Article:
S.Korea's Moon says open to dialogue with Japan despite history feuds
By Hyonhee Shin
SEOUL (Reuters) - South Korean President Moon Jae-in said on Sunday that his government remained open to dialogue with Japan to step up cooperation while seeking to resolve historical rows that had long frayed bilateral ties.
Moon, in his Liberation Day speech marking the 76th anniversary of independence from Japan's 1910-45 colonial rule after World War II, said the two neighbours should work together to "surmount difficulties" and foster cooperation based on shared values of democracy and market economy.
"Our government has always kept the door open for dialogue to jointly respond not only to our two countries' pending issues but also threats facing the world, including COVID-19 and the climate crisis," Moon said.
"For historical issues that need to be rectified, we will resolve them through actions and practices that are consistent with universal values and the standards of the international community."
Relations have soured to their lowest points in decades in recent years over reminders of the colonisation, after Korean courts ordered Tokyo to compensate victims who were forced to work for Japanese companies and at its wartime military brothels.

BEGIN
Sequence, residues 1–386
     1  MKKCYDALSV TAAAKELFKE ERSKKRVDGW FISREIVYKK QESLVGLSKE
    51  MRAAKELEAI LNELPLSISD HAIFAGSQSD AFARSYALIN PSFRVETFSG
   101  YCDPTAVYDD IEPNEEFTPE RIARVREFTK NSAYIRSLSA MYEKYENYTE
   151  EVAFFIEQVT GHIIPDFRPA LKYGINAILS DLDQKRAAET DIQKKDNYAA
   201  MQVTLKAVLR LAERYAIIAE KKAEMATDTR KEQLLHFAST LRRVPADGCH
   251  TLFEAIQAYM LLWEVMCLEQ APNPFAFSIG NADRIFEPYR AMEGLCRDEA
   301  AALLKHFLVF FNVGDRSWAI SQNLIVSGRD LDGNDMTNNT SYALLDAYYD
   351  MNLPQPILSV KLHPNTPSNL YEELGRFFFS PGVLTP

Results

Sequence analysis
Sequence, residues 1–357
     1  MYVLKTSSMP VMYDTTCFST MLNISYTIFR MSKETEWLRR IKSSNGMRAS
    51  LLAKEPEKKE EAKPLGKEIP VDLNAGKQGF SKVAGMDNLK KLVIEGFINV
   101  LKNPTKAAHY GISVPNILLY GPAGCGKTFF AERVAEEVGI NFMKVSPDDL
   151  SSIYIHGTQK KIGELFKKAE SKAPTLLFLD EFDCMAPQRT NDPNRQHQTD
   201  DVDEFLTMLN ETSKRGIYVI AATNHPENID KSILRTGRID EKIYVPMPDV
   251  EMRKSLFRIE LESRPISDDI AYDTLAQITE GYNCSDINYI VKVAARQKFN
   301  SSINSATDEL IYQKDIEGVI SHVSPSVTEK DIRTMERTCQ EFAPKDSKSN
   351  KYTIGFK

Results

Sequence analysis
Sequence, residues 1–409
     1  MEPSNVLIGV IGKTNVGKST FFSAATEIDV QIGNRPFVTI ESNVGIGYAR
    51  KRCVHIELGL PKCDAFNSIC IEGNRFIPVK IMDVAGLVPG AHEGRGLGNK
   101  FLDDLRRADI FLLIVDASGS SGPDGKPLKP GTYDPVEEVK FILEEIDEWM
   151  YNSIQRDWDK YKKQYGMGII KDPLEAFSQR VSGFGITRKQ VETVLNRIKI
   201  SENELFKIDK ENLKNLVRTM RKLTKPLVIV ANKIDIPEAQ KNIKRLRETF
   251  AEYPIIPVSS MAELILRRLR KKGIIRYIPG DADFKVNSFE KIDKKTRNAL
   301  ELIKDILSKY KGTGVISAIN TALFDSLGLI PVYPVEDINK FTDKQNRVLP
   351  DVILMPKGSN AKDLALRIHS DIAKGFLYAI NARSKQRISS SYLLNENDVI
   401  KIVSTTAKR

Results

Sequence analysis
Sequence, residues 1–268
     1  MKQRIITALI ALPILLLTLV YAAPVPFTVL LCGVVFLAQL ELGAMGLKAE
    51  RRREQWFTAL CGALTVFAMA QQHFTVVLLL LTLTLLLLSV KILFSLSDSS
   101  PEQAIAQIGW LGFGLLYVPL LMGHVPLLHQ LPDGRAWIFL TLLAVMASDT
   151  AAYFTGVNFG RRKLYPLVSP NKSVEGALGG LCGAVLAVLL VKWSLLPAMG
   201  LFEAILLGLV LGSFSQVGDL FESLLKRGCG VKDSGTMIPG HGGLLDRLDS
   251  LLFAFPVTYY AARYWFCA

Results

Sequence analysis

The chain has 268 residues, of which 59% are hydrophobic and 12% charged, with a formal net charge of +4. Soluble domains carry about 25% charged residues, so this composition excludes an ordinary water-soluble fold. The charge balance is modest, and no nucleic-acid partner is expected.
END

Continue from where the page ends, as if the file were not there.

The rulings drew a rebuke from Tokyo, which says the issues were settled under a 1965 treaty that normalised diplomatic relations and other arrangements made later.
Moon's speech came two days after Japan's defence minister visited Yasukuni shrine, a symbol of the country's imperialist past and a flashpoint with South Korea and China.
Last month, Moon scrapped a plan to visit Tokyo for the Olympics and hold his first summit with Prime Minister Yoshihide Suga after what his office called unacceptable remarks by a Seoul-based Japanese diplomat.
Moon had expressed hopes that the Games could be a chance to seek a diplomatic solution to the historical feuds and promote joint economic recovery with Japan from the coronavirus pandemic while reviving stalled talks with North Korea.
(Reporting by Hyonhee Shin; Editing by William Mallard)
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